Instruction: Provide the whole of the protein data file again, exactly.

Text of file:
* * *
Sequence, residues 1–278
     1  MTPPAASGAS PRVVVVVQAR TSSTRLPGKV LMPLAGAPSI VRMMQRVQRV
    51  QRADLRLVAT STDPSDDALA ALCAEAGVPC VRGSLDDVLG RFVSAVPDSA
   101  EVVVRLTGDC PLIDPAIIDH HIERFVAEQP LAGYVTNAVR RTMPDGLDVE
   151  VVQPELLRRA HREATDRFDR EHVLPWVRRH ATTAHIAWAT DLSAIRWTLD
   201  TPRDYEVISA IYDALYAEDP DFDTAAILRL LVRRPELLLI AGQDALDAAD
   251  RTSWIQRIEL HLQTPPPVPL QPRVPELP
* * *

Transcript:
Sequence, residues 1–278
     1  MTPPAASGAS PRVVVVVQAR TSSTRLPGKV LMPLAGAPSI VRMMQRVQRV
    51  QRADLRLVAT STDPSDDALA ALCAEAGVPC VRGSLDDVLG RFVSAVPDSA
   101  EVVVRLTGDC PLIDPAIIDH HIERFVAEQP LAGYVTNAVR RTMPDGLDVE
   151  VVQPELLRRA HREATDRFDR EHVLPWVRRH ATTAHIAWAT DLSAIRWTLD
   201  TPRDYEVISA IYDALYAEDP DFDTAAILRL LVRRPELLLI AGQDALDAAD
   251  RTSWIQRIEL HLQTPPPVPL QPRVPELP